Performing an Audit of a SaaS Deployed Application
Part 1 of 2
By: Mitchell H. Levine, CISA - Audit Serve, Inc.
With SaaS (Software as a Service) acceptance in the corporate world, whereby critical business processes are being turned over to SaaS vendors such as Salesforce.com to service their application requirements, audit departments need how to audit this new type of software delivery method.
It is important to understand the functional limitations of SaaS because this also provides a limitation of the controls which can be established. The basis for the audit approach discussed within this article was developed based on a Salesforce.com environment but the components contained within this article can be used within all types of SaaS environments. Salesforce.com was built based on the SaaS software delivery models.
Other companies such as SAP have recognized the success of the SaaS software delivery model and now plan in the future to offer their CRM application in this fashion.
Understanding the SaaS Components
SaaS applications are written for a specific business area (e.g., sales) or functional process (defect tracking) which provides the flexibility in terms of how the application can be configured in order to scale to the size of the business it will support. The customization capabilities in most cases involve the screen input fields which are defined and the processing rules regarding the data input requirements. Although the SaaS vendors provide built-in reporting capabilities, most organizations establish a replica database within their own processing environment which is used to establish an internal data warehouse to allow for additional reporting. Organizations are also building data interfaces directly from the data residing in the SaaS which allows organizations to pass data directly to their internal systems.
Assessing the Data Design
Organizations need to make a decision on whether their entire organization will be operating within a single database. The decision is based on the level of data integration which is expected within an organization. In the case of Salesforce.com, the generation of reports to track sales in the Pipeline is based on having one database defined. However, just because one single database is used within an organization does not mean that an organization will have one single view all of its business units. This “single view” is predicated on the use of common fields throughout the organization. However, if business units within an organization do not coordinate the use of the same fields, then the ability to establish management level reports which provides a global view of the data across an organization will not be possible.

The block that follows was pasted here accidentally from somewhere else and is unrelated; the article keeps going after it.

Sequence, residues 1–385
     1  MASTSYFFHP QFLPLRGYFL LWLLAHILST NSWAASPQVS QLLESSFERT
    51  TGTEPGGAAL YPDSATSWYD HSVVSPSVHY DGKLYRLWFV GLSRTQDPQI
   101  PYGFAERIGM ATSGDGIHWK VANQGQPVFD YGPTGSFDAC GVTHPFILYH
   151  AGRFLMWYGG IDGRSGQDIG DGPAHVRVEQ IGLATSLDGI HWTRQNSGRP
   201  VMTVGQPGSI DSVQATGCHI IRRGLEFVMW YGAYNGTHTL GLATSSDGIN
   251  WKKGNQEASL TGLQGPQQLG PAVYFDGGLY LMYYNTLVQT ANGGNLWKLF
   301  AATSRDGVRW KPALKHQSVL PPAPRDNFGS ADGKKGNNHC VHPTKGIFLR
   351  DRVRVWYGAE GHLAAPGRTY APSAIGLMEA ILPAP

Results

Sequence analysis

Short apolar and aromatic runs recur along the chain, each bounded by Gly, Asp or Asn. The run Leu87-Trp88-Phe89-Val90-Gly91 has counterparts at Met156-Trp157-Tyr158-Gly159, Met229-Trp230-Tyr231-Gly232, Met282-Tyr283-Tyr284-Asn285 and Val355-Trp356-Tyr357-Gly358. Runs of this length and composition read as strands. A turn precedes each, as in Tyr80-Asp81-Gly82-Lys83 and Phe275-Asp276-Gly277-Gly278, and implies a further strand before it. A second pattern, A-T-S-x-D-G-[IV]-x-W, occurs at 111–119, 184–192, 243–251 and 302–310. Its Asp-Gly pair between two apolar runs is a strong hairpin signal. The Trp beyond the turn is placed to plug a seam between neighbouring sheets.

Conversely, organizations can fall into bad data design practices in which business units use the same field for different purposes which would provide inaccurate reporting at the management level.
Typical SaaS applications include vendor provided fields which relates to common use of its application within a specific industry. In many cases the built-in reports provided as part of the application directly relate to the vendor provided fields which requires an organization to use these fields in order to use the built-in reports. An organization should be aware of the importance of the vendor provides fields along with the implications if they are not used properly.
SaaS applications provide the ability for organizations to define custom fields for their own use. It is important that the use of these custom fields is documented from a system and user standpoint.
The second part of this article will focus on the other areas which should be included in an audit of a SaaS deployed application
Mitchell Levine is the founder of Audit Serve, Inc. Audit Serve performs PCI Assessment and Remediation Project Management consulting services. Audit Serve also conducts Integrated & IT Audits, SOX Control Design & Testing and Penetration Testing. Email Mr. Levine at Levinemh@auditserve.com if you would like to discuss your organization's specific project requirements in order to establish a proposal of services.
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